Quick thoughts on what’s happening with the New Orleans Times-Picayune and, more specifically, the march toward a digital-news revolution:
I followed the Twitter feed @savethepicayune this morning for two reasons, neither of which is a sentimental tie to newspapers with smelly ink and inconvenient news holes. I followed because
- I’m personally concerned for a longtime friend who works for the Times-Picayune. He’s a good reporter with a family that includes two young children.
- Not everyone gets their news digitally. Sometimes this is by choice. Other times it’s because they can’t afford a computer, or a monthly Internet bill, or a smartphone, or a tablet. It’s the latter who most negatively will be effected by Newhouse Newspapers’ decision to take the TP and some Alabama properties down a digital-first boulevard, which means cutting back on the print edition to three a week.
Most of you who read my site are, technologically, my peers. I have regular computer access and a smartphone. This feels normal. My students, when discussing decreased newspaper circulation, often say, “because everybody gets their news on their phones now.”
The thing is – no, they don’t. Not everybody. Far from it.
About 21 percent of Americans aren’t online regularly. That’s approximately 65 million Americans who either don’t want or don’t have Internet access. I couldn’t find Internet usage figures for the New Orleans area, but if you apply the 21 percent figure to the area’s more than 1.2 million people, that comes to about a quarter-million people who four days a week won’t have access to daily news in their community.
Let’s draw a clear distinction: Newhouse’s right to do what it wishes with its properties is mutually exclusive from my sadness that so many people will not have access to community news. I didn’t follow @savethepicayune to protest Newhouse. I followed as a symbolic gesture of support for a region that will be left with a huge cultural and community void. This stinks.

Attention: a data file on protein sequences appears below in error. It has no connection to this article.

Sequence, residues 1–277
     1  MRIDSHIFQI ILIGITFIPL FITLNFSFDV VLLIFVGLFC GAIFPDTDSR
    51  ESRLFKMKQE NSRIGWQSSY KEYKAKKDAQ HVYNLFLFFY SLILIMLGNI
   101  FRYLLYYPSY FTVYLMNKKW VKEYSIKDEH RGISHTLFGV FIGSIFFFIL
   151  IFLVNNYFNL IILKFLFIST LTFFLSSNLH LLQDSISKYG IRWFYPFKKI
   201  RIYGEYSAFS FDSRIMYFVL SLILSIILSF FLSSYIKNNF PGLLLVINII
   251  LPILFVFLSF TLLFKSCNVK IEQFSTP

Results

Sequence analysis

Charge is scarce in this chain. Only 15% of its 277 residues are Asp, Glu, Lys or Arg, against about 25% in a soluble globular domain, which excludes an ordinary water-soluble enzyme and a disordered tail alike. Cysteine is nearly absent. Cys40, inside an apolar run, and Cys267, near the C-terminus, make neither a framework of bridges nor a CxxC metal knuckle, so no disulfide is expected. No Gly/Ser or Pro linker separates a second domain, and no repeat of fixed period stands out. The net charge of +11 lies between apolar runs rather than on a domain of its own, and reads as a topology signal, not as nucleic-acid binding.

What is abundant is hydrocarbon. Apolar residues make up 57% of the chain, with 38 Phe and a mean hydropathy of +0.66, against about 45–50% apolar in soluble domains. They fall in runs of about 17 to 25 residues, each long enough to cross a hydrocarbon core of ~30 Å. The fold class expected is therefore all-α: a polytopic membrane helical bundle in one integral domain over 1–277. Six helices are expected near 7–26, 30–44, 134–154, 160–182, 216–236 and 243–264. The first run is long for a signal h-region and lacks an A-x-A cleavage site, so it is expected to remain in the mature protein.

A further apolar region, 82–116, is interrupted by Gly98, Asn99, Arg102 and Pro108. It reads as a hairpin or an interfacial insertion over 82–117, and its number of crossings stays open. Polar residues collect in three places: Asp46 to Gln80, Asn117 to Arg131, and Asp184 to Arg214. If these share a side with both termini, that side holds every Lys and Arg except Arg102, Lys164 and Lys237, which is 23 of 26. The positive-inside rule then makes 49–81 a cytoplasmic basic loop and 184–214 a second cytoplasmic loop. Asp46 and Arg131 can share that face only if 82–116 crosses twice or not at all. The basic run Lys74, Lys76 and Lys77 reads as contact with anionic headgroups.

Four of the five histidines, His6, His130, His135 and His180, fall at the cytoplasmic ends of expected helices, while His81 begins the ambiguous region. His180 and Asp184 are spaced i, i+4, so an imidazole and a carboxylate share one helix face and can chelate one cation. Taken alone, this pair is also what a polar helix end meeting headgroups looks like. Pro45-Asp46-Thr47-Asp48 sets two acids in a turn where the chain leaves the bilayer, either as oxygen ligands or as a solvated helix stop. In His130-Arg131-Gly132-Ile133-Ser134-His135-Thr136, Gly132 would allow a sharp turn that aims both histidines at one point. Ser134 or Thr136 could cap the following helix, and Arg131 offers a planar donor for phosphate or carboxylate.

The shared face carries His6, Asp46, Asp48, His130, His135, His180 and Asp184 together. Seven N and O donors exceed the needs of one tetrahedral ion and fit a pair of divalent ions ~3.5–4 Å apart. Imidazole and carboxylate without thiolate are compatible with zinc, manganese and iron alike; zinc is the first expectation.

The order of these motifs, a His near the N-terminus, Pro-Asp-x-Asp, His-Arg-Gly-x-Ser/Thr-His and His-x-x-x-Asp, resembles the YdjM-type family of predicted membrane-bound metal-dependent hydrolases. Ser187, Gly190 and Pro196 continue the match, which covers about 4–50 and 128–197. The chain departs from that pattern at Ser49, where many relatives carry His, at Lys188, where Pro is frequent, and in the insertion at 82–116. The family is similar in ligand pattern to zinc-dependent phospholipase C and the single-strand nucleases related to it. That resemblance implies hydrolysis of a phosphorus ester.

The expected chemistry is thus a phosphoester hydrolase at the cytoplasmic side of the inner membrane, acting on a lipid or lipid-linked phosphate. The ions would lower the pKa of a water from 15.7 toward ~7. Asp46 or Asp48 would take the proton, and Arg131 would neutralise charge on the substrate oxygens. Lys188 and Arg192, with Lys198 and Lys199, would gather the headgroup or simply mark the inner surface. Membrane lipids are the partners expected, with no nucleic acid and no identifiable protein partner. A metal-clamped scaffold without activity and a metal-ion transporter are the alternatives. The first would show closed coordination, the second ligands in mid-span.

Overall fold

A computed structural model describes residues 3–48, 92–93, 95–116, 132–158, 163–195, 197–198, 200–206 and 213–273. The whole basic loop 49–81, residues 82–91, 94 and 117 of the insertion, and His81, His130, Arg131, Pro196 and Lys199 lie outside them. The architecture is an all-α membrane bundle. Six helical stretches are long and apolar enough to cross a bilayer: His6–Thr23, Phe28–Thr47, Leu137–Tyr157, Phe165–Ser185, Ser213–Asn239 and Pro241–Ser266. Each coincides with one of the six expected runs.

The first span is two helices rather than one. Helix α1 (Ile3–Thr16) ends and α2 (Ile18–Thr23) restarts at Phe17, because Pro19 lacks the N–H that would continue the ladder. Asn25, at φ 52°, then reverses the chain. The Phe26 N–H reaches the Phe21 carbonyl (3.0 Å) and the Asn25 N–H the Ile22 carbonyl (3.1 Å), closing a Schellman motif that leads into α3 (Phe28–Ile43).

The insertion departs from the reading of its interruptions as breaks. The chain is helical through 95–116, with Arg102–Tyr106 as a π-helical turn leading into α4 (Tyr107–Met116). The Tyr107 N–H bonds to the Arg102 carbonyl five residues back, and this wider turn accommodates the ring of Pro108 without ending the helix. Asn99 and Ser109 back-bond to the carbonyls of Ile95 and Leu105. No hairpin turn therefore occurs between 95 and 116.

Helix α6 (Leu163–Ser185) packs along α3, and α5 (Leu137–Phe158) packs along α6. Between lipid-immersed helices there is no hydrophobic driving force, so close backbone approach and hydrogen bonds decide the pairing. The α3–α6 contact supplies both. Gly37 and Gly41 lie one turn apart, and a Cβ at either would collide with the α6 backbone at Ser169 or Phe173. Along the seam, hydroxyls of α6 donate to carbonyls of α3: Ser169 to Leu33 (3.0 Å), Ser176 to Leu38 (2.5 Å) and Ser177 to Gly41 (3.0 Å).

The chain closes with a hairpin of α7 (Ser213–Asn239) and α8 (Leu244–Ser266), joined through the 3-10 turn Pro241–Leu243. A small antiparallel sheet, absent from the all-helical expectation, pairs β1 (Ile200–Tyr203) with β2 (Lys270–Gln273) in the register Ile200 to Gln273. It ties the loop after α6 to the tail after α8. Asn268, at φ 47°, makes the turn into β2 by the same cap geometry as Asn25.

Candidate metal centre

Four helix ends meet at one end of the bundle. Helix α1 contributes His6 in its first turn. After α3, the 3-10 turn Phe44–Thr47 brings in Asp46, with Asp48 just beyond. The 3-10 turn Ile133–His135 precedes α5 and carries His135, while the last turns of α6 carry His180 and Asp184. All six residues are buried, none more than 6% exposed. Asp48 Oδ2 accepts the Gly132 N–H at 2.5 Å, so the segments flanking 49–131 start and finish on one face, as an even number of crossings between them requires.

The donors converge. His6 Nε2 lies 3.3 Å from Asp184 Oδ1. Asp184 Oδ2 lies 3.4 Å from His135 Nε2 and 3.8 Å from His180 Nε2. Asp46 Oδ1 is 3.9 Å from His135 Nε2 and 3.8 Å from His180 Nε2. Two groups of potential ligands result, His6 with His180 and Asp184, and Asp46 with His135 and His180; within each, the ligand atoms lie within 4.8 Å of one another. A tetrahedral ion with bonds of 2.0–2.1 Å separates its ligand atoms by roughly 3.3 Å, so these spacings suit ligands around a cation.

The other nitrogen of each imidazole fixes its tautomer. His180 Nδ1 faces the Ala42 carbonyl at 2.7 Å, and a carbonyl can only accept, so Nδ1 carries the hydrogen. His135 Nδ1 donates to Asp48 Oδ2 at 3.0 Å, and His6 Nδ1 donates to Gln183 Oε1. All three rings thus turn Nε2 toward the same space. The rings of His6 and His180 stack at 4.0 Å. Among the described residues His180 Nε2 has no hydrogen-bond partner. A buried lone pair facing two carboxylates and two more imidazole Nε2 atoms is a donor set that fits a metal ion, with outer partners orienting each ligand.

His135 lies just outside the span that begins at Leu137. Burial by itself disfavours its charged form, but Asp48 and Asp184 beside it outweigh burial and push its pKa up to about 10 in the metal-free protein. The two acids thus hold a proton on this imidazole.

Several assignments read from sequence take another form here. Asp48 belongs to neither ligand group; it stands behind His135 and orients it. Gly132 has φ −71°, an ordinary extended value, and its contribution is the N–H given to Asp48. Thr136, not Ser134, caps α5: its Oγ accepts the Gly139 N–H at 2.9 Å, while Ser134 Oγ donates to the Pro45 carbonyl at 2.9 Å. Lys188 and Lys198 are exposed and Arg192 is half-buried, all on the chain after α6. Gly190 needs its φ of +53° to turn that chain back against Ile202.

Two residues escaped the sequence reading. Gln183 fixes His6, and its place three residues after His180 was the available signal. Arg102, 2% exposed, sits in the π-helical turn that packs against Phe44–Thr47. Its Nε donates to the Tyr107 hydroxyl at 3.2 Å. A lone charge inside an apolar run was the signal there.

By some accounts, Newhouse is making a smart, forward-thinking business decision. The New York Times reported that Times-Picayune circulation has dropped from 261,000 in 2005 to 132,000 last March. The area’s population is down, and the economy has been slow to come back.
So be it.
As this country makes its inevitable march toward digital-first media, however, please, somewhere in the back of your mind, remember that not everyone has access to digital news. Some people work two jobs to barely make rent, much less plop down $80 a month for a phone with a digital-usage plan. Some U.S. citizens – 65,000,000 – don’t have or don’t want Internet usage. It won’t be much fun to wave an iPhone app in their faces when it takes them four days to get wind that the tomatoes they bought at the local grocers – and have since eaten – may have been part of a salmonella recall.
In closing, this post isn’t a rip job of Newhouse. They can do what they want. It’s a call to those pushing for a digital-media first strategy – me among them – to remember that for some people it’s not digital-media first. In fact, it’s not digital media at all. This is a call, in our technological march forward, to remember that the land we’re stepping over might just be the information graves of those who live in the very communities we serve.
Let’s not pop the Champagne, congratulating ourselves, when many of our potential clients are left abandoned. There are always casualties in a revolution, on all sides.
Find Dave Schwartz on Twitter @daveschwartz.